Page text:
One of the challenges I continually set for myself as a yoga teacher is to use creativity and variety in the ways I articulate movement, alignment and anatomy. Abstraction and distraction are powerful, and our attraction to them comes pre-installed in our human brains. It takes a poetic kind of attention to continually speak body in a way that the body will understand.
Image by Kristy Asaro
I often encourage my students to use their imagination: "Imagine you are drawing the steadiness of the earth up through the soles of your feet," or "Imagine that your entire body is one knit garment." I am intending to bypass the rational, time and task-trapped part of consciousness and provide imagery and imaginative nutrition to my students' hearts and bodies. This is really hard!! And it's mysterious how sometimes this way of teaching rolls off my tongue and sometimes it's just not there. Reading poetry helps. Slowing down helps.
There is an idea among therapists that we create a "positive holding container" for clients. How we use language internally, toward ourselves, can play a role in creating this container. I recently read that staying with one's body sensations without judgment and with curiosity very much resembles a positive holding container, except you are holding, and in the process, healing, yourself.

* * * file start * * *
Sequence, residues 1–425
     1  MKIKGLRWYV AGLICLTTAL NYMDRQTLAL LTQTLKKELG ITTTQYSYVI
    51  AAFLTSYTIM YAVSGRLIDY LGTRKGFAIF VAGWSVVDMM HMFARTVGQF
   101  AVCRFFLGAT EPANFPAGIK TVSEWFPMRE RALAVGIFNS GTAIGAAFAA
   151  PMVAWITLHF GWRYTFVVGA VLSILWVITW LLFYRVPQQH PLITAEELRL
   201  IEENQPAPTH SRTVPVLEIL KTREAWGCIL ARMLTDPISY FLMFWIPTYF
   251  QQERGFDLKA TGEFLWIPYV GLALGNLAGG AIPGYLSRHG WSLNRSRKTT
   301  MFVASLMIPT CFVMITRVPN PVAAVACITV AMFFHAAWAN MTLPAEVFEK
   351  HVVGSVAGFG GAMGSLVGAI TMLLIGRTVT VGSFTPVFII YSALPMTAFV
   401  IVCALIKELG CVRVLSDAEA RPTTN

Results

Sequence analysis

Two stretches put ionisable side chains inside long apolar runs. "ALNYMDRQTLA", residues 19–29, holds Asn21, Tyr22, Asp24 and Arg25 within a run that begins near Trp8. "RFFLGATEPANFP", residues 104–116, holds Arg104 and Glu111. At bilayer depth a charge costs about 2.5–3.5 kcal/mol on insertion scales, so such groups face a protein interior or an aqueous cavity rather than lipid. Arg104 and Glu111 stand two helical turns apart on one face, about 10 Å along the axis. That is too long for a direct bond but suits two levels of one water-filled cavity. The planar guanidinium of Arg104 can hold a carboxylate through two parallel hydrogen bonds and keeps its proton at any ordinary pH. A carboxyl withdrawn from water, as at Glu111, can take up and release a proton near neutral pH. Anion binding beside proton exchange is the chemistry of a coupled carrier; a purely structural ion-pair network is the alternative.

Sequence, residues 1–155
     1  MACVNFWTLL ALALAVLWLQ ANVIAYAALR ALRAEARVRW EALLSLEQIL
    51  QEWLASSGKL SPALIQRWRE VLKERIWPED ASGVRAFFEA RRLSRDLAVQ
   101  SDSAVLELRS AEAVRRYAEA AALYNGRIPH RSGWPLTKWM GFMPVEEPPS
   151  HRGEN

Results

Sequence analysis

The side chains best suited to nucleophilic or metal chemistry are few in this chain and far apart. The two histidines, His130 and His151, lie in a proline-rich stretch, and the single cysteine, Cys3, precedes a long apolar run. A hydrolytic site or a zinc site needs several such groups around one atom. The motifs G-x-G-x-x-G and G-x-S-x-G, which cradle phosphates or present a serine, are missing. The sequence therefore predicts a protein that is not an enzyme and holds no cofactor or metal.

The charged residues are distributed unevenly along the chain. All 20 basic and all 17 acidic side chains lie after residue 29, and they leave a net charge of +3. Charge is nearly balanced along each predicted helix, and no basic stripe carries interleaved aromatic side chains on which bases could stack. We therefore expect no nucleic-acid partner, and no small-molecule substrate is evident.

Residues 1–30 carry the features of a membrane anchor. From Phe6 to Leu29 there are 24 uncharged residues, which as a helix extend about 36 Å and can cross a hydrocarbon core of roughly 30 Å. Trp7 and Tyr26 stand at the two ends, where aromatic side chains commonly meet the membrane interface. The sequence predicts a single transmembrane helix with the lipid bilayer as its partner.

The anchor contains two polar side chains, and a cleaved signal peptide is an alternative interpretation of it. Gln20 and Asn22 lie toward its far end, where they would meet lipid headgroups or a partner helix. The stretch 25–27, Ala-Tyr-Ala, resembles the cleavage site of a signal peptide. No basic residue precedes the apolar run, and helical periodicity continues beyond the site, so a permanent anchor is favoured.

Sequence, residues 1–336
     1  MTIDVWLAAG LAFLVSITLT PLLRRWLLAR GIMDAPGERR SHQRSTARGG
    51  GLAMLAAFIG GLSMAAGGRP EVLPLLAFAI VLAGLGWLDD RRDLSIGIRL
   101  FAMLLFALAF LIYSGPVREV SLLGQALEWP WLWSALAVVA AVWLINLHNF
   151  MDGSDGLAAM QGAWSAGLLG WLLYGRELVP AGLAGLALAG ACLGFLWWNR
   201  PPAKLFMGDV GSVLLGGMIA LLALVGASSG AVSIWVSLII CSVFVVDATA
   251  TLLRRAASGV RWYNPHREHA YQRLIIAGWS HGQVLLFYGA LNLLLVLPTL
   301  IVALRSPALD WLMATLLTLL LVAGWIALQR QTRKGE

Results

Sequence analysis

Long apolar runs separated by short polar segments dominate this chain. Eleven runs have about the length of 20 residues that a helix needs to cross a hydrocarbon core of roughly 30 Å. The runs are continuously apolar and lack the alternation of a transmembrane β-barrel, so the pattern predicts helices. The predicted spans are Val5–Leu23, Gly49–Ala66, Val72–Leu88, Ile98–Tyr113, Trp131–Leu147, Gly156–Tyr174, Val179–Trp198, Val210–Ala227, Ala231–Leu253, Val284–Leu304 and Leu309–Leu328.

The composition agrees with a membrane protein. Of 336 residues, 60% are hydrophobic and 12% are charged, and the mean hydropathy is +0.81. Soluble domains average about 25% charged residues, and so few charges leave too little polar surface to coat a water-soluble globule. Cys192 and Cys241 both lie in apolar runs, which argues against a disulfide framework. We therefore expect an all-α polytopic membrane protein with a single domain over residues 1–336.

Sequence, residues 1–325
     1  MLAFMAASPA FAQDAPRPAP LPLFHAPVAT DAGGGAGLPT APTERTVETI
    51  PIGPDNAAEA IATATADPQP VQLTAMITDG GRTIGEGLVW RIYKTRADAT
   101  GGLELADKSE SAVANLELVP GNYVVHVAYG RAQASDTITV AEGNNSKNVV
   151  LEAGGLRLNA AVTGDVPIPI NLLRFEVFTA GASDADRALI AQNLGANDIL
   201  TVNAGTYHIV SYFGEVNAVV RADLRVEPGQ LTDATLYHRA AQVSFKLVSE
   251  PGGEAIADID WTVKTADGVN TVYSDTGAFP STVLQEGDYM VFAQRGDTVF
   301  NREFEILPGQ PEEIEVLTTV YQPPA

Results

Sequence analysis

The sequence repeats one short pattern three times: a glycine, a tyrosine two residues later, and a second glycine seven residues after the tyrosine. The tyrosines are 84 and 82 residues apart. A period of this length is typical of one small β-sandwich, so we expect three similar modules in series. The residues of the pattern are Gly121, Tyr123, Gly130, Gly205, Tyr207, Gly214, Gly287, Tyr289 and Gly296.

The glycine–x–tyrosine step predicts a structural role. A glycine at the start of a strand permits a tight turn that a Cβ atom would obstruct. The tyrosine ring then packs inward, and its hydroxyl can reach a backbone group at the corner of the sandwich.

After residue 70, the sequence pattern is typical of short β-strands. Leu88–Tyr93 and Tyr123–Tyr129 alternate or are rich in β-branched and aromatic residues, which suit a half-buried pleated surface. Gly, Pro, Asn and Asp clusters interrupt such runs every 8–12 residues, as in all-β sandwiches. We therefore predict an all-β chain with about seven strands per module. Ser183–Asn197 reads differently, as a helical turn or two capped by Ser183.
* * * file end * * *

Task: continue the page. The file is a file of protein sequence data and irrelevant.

In the dedicated space of a yoga practice, where, blessedly, there are no external devices of distraction, the holy work of coming into our bodies can be done. With appropriate guidance, one can learn to be attentive and welcoming to all the rivers, light, contractions, and expansions, pulsing and flowing through these breathing vessels we call home.
A deep bow of gratitude,
UPCOMING WORKSHOPS AND SERIES
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